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Today's Stichomancy for Carmen Electra

The first excerpt represents the past or something you must release, and is drawn from A Drama on the Seashore by Honore de Balzac:

many times we have seen them at fairs buying all sorts of things to please him; it was out of all reason the way they indulged him, and so folks told them. The little Cambremer, seeing that he was never thwarted, grew as vicious as a red ass. When they told pere Cambremer, 'Your son has nearly killed little such a one,' he would laugh and say: 'Bah! he'll be a bold sailor; he'll command the king's fleets.'-- Another time, 'Pierre Cambremer, did you know your lad very nearly put out the eye of the little Pougard girl?'--'Ha! he'll like the girls,' said Pierre. Nothing troubled him. At ten years old the little cur fought everybody, and amused himself with cutting the hens' necks off and ripping up the pigs; in fact, you might say he wallowed in blood.

The second excerpt represents the present or the deciding factor of the moment, and is drawn from A Princess of Parms by Edgar Rice Burroughs:

savages disappearing around the point of a neighboring peak.

I knew the Indians would soon discover that they were on the wrong trail and that the search for me would be renewed in the right direction as soon as they located my tracks.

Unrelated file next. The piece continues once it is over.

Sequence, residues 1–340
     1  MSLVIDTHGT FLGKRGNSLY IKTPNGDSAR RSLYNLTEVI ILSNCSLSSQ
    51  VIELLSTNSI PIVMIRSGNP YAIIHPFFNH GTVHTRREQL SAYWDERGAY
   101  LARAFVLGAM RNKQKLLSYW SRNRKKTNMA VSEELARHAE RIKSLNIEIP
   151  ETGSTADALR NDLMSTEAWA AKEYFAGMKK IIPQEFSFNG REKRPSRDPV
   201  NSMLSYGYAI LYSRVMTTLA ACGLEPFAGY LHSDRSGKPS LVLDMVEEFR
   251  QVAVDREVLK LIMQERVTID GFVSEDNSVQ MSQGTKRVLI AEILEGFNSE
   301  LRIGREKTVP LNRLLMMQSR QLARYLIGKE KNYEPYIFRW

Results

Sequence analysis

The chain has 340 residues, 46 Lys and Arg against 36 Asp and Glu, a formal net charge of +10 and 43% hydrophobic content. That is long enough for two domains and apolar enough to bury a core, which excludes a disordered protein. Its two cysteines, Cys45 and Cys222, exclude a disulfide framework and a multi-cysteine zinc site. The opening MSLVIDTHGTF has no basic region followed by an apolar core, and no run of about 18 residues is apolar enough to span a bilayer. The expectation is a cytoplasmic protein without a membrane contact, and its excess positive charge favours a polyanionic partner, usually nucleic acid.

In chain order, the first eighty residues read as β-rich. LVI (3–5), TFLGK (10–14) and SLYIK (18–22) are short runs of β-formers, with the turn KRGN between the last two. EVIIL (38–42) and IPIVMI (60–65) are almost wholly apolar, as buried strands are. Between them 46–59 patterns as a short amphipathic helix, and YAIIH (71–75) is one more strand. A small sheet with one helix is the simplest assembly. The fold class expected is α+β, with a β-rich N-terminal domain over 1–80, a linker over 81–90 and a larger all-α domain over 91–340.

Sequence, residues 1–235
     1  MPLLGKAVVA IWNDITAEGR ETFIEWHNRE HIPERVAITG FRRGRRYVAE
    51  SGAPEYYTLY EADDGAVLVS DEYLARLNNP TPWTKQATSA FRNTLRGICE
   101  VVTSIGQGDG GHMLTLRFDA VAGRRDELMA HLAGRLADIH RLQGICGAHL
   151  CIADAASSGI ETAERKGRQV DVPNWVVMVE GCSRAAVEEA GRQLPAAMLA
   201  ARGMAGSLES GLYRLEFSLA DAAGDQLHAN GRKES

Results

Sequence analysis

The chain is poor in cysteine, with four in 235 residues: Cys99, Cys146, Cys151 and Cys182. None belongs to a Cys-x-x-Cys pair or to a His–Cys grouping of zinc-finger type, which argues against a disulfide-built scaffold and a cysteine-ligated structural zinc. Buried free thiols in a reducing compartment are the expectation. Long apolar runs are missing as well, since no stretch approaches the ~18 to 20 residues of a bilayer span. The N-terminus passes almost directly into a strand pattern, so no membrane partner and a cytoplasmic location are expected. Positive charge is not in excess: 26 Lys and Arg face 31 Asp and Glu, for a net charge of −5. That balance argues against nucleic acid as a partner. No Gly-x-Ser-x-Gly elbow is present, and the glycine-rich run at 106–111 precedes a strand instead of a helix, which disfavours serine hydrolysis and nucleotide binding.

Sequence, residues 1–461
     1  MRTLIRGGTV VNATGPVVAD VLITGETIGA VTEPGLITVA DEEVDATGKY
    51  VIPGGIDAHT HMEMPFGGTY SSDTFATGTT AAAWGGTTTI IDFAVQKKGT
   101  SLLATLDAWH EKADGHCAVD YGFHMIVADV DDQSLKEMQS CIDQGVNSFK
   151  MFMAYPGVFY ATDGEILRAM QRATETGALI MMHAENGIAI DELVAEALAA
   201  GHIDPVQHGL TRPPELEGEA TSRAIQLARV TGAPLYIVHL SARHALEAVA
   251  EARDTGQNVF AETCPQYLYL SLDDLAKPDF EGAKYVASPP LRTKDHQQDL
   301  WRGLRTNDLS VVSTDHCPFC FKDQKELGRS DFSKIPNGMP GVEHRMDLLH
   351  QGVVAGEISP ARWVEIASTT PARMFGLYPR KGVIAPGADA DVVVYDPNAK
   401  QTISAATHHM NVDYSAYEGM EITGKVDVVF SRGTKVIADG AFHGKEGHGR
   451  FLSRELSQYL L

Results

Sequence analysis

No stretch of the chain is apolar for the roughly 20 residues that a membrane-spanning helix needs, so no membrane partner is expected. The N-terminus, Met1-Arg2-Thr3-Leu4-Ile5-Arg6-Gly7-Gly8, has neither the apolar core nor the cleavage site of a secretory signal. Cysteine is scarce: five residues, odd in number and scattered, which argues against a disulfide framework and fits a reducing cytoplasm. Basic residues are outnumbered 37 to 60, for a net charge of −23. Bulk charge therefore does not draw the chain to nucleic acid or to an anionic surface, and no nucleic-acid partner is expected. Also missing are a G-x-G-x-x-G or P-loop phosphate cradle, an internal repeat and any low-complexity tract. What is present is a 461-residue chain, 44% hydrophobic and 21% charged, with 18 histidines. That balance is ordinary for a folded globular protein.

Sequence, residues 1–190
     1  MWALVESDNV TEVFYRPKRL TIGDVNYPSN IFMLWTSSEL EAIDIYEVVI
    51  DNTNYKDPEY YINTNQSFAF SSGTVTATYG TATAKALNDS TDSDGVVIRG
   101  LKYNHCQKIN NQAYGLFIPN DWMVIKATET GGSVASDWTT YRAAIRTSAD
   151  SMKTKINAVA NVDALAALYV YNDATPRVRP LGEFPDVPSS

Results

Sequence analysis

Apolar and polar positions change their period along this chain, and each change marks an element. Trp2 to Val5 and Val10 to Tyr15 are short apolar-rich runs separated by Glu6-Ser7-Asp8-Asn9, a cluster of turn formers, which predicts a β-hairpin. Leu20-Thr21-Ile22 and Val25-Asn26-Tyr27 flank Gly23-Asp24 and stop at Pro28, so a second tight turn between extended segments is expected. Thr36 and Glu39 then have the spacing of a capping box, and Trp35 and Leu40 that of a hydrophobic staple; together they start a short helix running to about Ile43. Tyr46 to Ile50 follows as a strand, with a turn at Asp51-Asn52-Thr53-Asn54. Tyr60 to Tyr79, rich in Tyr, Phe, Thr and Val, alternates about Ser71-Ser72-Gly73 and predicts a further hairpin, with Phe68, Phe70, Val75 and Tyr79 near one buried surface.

I had gone but a short distance further when what seemed to be an excellent trail opened up around the face of a high cliff. The trail was level and quite broad and led upward and in the general direction I wished to go. The cliff arose for several hundred feet on my right, and on my left was an equal and nearly perpendicular drop to the bottom of a rocky ravine.

The third excerpt represents the future or something you must embrace, and is drawn from La Grande Breteche by Honore de Balzac:

" 'Gorenflot,' said her husband, 'go and fetch some bricks from the coach-house; bring enough to wall up the door of this cupboard; you can use the plaster that is left for cement.' Then, dragging Rosalie and the workman close to him--'Listen, Gorenflot,' said he, in a low voice, 'you are to sleep here to-night; but to-morrow morning you shall have a passport to take you abroad to a place I will tell you of. I will give you six thousand francs for your journey. You must live in that town for ten years; if you find you do not like it, you may settle in another, but it must be in the same country. Go through Paris and wait there till I join you. I will there give you an agreement for six thousand francs more, to be paid to you on your

La Grande Breteche